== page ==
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Unread 12-04-2019, 12:42 PM   #11
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Default Re: Bringing life to used batteries

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Originally Posted by JohnnieB View Post

The electrolyte is roughly 30% sulfuric acid by weight and will have a specific gravity of about 1.277, but the battery acid typically sold in auto parts stores has a SG of 1.265.
Wouldn't a few charge cycles bring the S.G. up the rest of the way? That is, if the batteries were healthy enough to accept a full charge.
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Unread 12-04-2019, 01:43 PM   #12
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Default Re: Bringing life to used batteries

New Batteries would be a quicker solution, some say to empty batteries flush with epson salt and refill, glad i don't want that mess.
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Unread 12-04-2019, 02:05 PM   #13
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Default Re: Bringing life to used batteries

I think the best way if You really want to go through all that trouble is too fill them up with water only, then do a full charge.

That will allow the chemical elements that are already inside the plates to recombine with the water to create the electrolyte.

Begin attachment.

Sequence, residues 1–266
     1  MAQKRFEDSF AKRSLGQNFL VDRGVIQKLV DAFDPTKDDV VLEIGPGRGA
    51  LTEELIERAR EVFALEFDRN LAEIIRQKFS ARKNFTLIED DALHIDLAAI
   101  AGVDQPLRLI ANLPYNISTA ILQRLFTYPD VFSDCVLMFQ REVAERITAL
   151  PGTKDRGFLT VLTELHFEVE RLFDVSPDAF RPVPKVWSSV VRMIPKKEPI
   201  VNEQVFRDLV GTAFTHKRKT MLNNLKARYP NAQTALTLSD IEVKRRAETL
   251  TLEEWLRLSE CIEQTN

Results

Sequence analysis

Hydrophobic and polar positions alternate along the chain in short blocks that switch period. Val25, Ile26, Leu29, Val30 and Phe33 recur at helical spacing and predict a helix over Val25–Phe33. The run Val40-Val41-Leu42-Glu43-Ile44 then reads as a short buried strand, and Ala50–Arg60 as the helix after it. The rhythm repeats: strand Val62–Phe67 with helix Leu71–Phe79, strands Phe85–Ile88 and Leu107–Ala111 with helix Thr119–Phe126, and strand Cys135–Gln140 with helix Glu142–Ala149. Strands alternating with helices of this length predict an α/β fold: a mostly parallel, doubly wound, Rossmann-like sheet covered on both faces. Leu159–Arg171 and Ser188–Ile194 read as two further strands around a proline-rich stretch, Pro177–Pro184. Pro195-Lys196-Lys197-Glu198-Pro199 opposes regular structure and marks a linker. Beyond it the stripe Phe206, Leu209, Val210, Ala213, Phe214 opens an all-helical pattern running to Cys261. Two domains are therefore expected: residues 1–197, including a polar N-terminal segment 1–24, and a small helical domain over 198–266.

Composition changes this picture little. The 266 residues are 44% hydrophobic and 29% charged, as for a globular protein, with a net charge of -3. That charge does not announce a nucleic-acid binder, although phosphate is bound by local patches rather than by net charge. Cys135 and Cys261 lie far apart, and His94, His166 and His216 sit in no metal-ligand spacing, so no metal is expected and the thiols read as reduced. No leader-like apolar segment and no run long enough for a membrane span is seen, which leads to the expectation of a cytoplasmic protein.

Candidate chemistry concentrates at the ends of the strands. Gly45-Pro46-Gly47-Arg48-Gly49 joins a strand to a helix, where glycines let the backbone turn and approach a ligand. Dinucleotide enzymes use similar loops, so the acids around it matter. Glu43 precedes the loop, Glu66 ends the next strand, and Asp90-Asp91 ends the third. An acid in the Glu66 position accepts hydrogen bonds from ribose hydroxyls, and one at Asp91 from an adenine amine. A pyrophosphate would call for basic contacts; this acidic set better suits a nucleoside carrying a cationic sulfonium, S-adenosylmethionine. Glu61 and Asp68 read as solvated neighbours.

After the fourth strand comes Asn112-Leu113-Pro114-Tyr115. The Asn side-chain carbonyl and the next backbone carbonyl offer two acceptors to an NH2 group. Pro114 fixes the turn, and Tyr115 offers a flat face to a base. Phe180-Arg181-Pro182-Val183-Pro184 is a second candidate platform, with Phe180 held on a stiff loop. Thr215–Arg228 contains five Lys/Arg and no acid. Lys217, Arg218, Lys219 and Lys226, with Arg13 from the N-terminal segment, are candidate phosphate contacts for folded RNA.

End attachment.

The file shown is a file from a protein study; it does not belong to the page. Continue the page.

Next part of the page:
At that point if the SG is too low You can dump all of the liquid and fill it up with the proper SG solution.

If You just fill them with new electrolyte when they are dead, there is a chance the final SG will be too high and just corrode the plates.
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Unread 12-04-2019, 02:07 PM   #14
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Default Re: Bringing life to used batteries

Quote:
Originally Posted by EvilSpirit1 View Post
Wouldn't a few charge cycles bring the S.G. up the rest of the way? That is, if the batteries were healthy enough to accept a full charge.
It might. There are sulfate ions in the form of lead-sulfate in the plates, but they may be so strongly bonded that normal charging won't set them free.

If 1.265 SG acid was used to keep the battery filled instead of distilled water, the SG of the electrolyte would eventually increase to the desired level.

When a lead-acid battery dies a natural death from old age, the cause of death is the sulfate ions in the lead-sulfate are trapped. Adding more sulfate ions in the form of sulfuric acid does help since the battery has ran out of lead, rather than acid.

What I'd do with those batteries is charge them back-to-back (initiate new charge cycles after the charger shuts off) until the at-rest SoC stopped increasing, then adjust the SG of the electrolyte as needed to get the manufacturers recommended SG.




----------
As Sergio said, you can get the SG too high by adding battery acid instead of water.

Last edited by JohnnieB; 12-04-2019 at 02:10 PM.. Reason: added comment
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Unread 12-04-2019, 10:47 PM   #15
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Default Re: Bringing life to used batteries

Ok update. I did all the back to back charging after filling with distilled water, I can drive on the batteries full speed any where from 2.5 - 4 miles before it starts acting sluggish. I've charged and let them sit for about 36 hrs pack was at 49.1v and all have about 6.07 - 6.12v on all 8 batteries which is low but possibly salvageable? The short drive time is killing me it's hardly enough to get to the pond or feeder 8>(